Challenges Facing Developing Countries

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  • Topic: Project 25, Standardization, Interoperability
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  • Published : November 5, 2012
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Interoperability problems in the developing countries

1.Introduction1

2.Developing countries2

3.CIS and Europe4

4.Asia-Pacific5

5.Americas8

6.Africa10

Introduction

The ITU has made significant commitments to developing countries in a series of instruments:

• Article 17 of the ITU Constitution that the functions of ITU-T are to be performed “bearing in mind the particular concerns of the developing countries”;

• Resolution 123 (Rev. Antalya, 2006) on bridging the standardization gap; and

• Resolution 139 (Antalya, 2006) which invites Member States to implement rapidly Resolution 37 (Rev. Doha, 2006) of the World Telecommunication Development Conference on bridging the digital divide.

Between the developing and developed countries there is a general digital divide of which one part is the standardization gap. This is recognised in Resolution 44 (Johannesburg, 2008) as having three dimensions:

• The disparity of voluntary standardization;

• The disparity of mandatory technical regulations; and

• The disparity of conformity assessment.

Resolution 76 (Johannesburg, 2008) on conformance and interoperability testing considered:

• that some countries, especially the developing countries, have not yet acquired the capacity to test equipment and provide assurance to consumers in their countries; and

• that increased confidence in the conformance of information and communication technologies (ICT) equipment with ITU-T Recommendations would increase the chances of end-to-end interoperability of equipment from different manufacturers, and would assist developing countries in the choice of solutions.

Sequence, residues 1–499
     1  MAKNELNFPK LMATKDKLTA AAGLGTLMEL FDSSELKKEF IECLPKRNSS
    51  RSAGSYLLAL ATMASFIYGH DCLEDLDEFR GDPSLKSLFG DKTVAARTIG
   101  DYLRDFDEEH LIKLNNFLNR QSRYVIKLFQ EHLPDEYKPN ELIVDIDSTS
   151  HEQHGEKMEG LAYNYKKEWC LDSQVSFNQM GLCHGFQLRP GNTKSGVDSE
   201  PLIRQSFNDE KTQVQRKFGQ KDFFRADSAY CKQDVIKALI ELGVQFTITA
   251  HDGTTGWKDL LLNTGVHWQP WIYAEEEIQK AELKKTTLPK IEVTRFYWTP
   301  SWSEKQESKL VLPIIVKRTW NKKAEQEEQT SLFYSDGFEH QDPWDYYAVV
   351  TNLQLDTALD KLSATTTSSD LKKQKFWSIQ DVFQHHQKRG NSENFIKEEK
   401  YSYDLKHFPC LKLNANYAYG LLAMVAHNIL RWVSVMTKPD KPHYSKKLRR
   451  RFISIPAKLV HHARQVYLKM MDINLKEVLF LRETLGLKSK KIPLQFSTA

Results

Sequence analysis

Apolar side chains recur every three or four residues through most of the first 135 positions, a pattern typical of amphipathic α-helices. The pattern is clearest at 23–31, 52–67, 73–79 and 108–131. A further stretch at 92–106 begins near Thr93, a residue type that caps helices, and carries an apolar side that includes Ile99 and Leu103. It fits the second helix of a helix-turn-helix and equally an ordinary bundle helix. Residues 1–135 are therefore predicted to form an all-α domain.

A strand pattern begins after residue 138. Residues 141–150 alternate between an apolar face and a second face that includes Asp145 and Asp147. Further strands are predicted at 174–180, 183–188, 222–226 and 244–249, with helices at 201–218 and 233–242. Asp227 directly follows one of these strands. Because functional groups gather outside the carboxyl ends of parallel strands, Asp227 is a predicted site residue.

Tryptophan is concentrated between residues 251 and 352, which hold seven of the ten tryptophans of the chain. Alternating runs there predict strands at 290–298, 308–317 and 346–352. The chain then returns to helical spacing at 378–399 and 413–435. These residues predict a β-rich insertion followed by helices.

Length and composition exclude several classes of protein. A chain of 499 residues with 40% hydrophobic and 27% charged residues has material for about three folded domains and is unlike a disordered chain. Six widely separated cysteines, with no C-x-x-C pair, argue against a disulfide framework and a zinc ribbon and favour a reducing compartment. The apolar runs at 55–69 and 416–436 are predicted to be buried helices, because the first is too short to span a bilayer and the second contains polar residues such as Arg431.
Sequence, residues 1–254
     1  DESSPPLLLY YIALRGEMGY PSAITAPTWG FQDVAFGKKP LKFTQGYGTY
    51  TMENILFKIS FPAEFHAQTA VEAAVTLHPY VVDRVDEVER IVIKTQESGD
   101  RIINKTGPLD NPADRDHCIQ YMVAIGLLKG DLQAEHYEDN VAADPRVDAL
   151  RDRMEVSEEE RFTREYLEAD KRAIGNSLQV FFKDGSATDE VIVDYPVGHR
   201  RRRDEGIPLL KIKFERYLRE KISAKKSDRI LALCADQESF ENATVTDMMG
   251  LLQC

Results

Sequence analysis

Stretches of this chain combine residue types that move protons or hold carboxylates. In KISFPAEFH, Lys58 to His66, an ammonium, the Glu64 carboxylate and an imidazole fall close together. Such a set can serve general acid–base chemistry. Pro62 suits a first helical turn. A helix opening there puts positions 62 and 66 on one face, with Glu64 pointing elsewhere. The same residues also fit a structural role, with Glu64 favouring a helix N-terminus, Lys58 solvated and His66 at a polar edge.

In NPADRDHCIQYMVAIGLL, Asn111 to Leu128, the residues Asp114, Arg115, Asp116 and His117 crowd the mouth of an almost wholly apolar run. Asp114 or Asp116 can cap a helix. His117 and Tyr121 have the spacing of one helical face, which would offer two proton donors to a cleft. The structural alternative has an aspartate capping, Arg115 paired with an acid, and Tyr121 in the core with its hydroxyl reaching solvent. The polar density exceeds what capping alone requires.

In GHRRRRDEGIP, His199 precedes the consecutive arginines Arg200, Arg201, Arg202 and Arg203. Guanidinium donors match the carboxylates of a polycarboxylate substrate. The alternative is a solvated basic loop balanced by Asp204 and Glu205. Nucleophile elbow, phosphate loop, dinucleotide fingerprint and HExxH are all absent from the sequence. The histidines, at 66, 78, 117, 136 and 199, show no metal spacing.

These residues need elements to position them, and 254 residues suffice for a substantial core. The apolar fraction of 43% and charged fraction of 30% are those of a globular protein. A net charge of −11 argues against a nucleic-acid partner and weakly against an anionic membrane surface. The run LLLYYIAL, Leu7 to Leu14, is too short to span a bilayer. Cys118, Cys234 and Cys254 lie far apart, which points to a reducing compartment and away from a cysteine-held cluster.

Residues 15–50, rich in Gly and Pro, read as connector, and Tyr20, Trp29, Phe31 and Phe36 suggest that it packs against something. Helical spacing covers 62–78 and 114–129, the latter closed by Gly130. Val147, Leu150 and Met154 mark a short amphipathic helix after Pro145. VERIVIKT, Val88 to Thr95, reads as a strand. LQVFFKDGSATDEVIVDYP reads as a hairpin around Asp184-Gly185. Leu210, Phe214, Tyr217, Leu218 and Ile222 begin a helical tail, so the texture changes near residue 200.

Noted:

• the need to assist developing countries in facilitating solutions which will exhibit interoperability and reduce the cost of systems and equipment procurement by operators, particularly in the developing countries, whilst improving product quality;

Resolved:

• assist developing countries in identifying human and institutional capacity-building and training opportunities in conformity and interoperability testing;

• assist developing countries in establishing regional or subregional conformity and interoperability centres suitable to perform conformity and interoperability testing as appropriate;

Instructed the Director of TSB:

• to conduct exploratory activities in each region in order to identify and prioritize the problems faced by developing countries related to achieving interoperability of ICT equipment and services;

The following sections review the issues of developing countries then the interoperability problems identified by developing countries in the different regions: CIS & Europe, Asia-Pacific, the Americas, Africa and the Arab states.

Developing countries

The ITU holds developing countries to include three specific categories:

• Least Developed Countries (LDCs);

• Small Island Developing States (SIDS); and

• Countries with Economies in Transition (EIT).

It does not define these terms, but uses the definitions provided by the General Assembly of the United Nations and by its Economic and Social Council (ECOSOC).[1]

Least Developed Countries (LDCs) can be identified by the following three criteria:

• Low-income, a three-year average of Gross National Income (GNI) per capita (under US$ 745 for inclusion, above US$ 900 for graduation);

• A composite Human Assets Index (HAI) based on: percentage of population undernourished, mortality rate for children aged five years or under, the secondary school enrolment ratio and adult literacy rate; and

• A composite Economic Vulnerability Index (EVI) based on: population size, remoteness, merchandise export concentration, share of agriculture, forestry and fisheries in GDP, homelessness owing to natural disasters, instability of...
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